When it comes to running modernish applications the older Pineview atoms 45nm with working intel graphics runs rings around the newer Cedarview atoms 32nm (Intel GMA 3600).

            Yes those 2011-2012 Cedarview(Intel GMA 3600) laptops are fairly much junk for Linux usage. People will want to charge you more for them than a Pineview device but Cedarview atoms (Intel GMA 3600).going to perform worse if your plan it to use it with Linux.




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            • #7
              Originally posted by oiaohm View Post
              Even if the Imagination Technologies does answer on how it should be done if that improves things that would be we are doing it wrong it that results in rewrite those 300+ lines anyhow with in the process them being deleted and replaced.
              Iirc, the 2D/modesetting/DRM part is not from Imagination Technologies but from Intel. There were even suggestions to have the GMA500 support code as part of the i915 driver due to large amounts of code duplication, but the i915 maintainers refused: https://lkml.org/lkml/2011/2/22/279

              Originally posted by RussianNeuroMancer View Post
              What is current situation with Intel GMA 3600 (PowerVR SGX 545) by the way?
              The hardware support of the gma500 driver is

              GMA500 (Poulsbo)
              GMA600 (Moorestown)
              GMA3600 (Cedar Trail, experimental)

              Newer Intel Atoms with PowerVR graphics like Clover Trail are not supported at all.

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              • #8
                Originally posted by oiaohm View Post
                This ticks all the boxes of horrible.
                1) GMA 500 2d acceleration is slower than CPU software rendering.
                2) [...]
                Sadly this isn't that uncommon. Most Creative Labs audio hardware after ~2002 is likewise consistently slower than software rendering on both Windows and Linux. I switched to the open source OpenAL-Soft (thanks Chris!) for my projects and never looked back. Don't forget that Creative even destroyed Aureal through Intel-style illicit means, because they couldn't compete with the impeccable audio quality and performance of Aureal's A3D (which I still regard as unmatched, even today).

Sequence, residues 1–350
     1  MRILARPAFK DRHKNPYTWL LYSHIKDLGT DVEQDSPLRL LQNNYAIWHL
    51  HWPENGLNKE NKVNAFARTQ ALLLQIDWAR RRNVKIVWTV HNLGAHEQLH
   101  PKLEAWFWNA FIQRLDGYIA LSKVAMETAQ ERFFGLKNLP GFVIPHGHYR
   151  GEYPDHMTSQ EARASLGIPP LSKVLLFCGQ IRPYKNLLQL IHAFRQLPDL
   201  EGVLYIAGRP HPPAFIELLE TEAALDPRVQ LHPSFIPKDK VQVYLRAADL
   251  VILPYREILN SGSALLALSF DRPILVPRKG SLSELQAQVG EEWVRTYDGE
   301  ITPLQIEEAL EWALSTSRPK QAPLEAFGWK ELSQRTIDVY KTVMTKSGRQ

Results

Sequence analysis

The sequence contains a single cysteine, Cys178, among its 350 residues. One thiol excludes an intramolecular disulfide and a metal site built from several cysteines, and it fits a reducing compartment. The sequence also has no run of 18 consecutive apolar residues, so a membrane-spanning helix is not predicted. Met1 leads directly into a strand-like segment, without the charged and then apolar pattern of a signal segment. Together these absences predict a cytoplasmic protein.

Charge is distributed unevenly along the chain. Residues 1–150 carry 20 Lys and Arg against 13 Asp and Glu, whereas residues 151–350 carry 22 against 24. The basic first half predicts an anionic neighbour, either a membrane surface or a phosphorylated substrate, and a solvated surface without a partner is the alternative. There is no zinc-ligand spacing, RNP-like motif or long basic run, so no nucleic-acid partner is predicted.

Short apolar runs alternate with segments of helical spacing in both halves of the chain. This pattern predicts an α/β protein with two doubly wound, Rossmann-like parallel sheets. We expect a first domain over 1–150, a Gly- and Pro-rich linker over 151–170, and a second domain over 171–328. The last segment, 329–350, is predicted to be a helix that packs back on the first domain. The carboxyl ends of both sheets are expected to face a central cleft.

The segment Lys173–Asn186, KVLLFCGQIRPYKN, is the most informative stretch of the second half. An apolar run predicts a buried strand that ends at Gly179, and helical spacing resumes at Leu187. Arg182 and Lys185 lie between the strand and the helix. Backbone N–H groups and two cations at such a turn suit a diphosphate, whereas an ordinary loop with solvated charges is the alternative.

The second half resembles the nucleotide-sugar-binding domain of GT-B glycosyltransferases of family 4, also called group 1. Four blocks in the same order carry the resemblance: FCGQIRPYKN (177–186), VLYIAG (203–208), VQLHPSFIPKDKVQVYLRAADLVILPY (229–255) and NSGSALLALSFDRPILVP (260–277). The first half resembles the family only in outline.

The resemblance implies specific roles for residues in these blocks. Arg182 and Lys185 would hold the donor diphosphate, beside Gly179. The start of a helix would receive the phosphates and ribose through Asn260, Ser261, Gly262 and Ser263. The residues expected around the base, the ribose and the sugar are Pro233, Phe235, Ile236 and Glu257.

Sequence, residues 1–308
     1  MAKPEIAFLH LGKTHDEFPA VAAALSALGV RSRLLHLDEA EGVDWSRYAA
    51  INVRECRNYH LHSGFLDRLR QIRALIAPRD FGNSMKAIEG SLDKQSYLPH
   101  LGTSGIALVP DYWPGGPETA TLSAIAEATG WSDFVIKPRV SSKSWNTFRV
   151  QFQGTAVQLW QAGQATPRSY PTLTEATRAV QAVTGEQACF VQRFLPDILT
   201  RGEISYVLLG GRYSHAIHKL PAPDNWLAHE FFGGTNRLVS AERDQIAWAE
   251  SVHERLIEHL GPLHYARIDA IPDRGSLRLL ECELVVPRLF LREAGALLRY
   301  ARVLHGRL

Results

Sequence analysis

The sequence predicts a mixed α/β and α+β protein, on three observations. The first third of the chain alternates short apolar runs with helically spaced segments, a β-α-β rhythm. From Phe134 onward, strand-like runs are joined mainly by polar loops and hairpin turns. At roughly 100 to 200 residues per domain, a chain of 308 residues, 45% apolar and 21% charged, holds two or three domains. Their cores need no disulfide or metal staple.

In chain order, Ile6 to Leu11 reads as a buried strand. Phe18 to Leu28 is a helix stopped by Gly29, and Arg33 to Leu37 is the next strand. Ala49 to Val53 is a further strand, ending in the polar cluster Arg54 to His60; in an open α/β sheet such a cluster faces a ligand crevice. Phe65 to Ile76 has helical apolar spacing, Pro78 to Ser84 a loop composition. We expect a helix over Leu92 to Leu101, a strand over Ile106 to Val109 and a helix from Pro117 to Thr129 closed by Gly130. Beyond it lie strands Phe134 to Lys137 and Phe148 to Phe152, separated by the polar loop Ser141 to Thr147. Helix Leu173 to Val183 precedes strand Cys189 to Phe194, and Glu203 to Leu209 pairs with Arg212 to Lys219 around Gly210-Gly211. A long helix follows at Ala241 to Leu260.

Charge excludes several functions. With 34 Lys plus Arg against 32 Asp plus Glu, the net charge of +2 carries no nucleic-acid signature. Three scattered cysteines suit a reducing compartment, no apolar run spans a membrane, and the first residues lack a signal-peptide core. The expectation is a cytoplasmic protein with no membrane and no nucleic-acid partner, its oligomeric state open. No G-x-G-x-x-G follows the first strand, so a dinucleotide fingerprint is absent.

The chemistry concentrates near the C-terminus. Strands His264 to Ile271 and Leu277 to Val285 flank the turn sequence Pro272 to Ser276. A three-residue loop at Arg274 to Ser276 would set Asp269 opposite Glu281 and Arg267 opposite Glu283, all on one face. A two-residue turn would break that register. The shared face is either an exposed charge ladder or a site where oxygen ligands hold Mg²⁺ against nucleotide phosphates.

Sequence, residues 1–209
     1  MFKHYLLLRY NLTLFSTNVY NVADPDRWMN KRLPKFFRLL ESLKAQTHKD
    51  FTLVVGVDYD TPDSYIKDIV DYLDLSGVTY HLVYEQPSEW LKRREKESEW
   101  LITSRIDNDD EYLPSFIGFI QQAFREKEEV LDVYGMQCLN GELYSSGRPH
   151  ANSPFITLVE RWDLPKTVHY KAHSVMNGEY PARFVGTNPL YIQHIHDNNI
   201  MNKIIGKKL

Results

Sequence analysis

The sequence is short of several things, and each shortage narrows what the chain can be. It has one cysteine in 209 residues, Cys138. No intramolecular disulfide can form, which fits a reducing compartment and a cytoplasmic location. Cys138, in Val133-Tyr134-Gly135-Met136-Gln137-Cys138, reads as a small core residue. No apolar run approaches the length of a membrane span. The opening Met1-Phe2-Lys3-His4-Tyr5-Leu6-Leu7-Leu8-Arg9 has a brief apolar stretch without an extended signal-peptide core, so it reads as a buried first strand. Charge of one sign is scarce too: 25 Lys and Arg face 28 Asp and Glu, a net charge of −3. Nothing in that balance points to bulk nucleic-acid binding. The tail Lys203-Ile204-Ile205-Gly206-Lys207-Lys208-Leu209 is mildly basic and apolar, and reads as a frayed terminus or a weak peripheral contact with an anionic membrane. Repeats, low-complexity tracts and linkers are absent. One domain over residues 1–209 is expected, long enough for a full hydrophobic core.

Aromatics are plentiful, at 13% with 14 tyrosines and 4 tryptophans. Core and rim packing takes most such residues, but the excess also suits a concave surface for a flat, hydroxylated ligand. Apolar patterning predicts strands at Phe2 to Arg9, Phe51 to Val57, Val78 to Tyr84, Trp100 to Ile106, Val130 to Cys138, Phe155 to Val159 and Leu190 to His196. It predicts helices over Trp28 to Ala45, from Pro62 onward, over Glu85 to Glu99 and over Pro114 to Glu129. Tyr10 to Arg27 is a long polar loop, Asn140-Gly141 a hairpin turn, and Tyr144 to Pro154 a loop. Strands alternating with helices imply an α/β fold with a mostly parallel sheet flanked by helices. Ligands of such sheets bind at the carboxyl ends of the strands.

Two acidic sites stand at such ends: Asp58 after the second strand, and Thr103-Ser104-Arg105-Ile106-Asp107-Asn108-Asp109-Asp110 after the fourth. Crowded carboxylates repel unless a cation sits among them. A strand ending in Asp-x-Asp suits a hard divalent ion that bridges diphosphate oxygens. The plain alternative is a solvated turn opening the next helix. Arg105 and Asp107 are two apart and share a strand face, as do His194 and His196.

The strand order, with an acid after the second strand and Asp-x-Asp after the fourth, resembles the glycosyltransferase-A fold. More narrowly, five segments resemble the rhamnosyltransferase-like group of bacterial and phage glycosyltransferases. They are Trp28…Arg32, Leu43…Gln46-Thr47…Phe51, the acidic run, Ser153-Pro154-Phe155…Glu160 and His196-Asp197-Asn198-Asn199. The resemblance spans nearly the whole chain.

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                • #9
                  Those old Atoms where terribly slow back them, now you can barely open a modern webpage without a ad blocker.

                  I still have a old netbook from Asus, a EEEPC Seashell with a Atom N270 (DiamondVille?). The thing is very derelict, but I keep it for sentimental reasons, it was the first laptop I owned. Today the better use I have for it is moving it around to do maintenance in networks outside my workplace, because it is easier to carry than my bricky old Thinkpad.

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                  • #10
                    There actually was a Linux driver for GMA 500 that even supported 3D and video playback hardware acceleration. But there is a big BUT, it was a proprietary one that run only few specific OS releases of the era (like MeGo - remember that thing?), and still was problematic to get going.
                    Fortunately there is an effort to make the propietary EMGD driver work on newer OSes, here it is: https://github.com/EMGD-Community/intel-binaries-linux This means there actually is little reason to keep that 2D driver in the kernel.
                    There were many really cool machines with that GPU, my favourite was my Nokia Booklet 3G, a passively cooled mini laptop by Nokia that even on Linux achieved more than 6 hours of battery life under heavy use. It was very well build with its aluminium chassis, awesome keyboard and touchpad. And it featured a 3G modem which made it so quick to use anywhere I carried it everywhere for good few days. I really wish it was well supported in Linux, but we have to let go of old and obscure hardware :/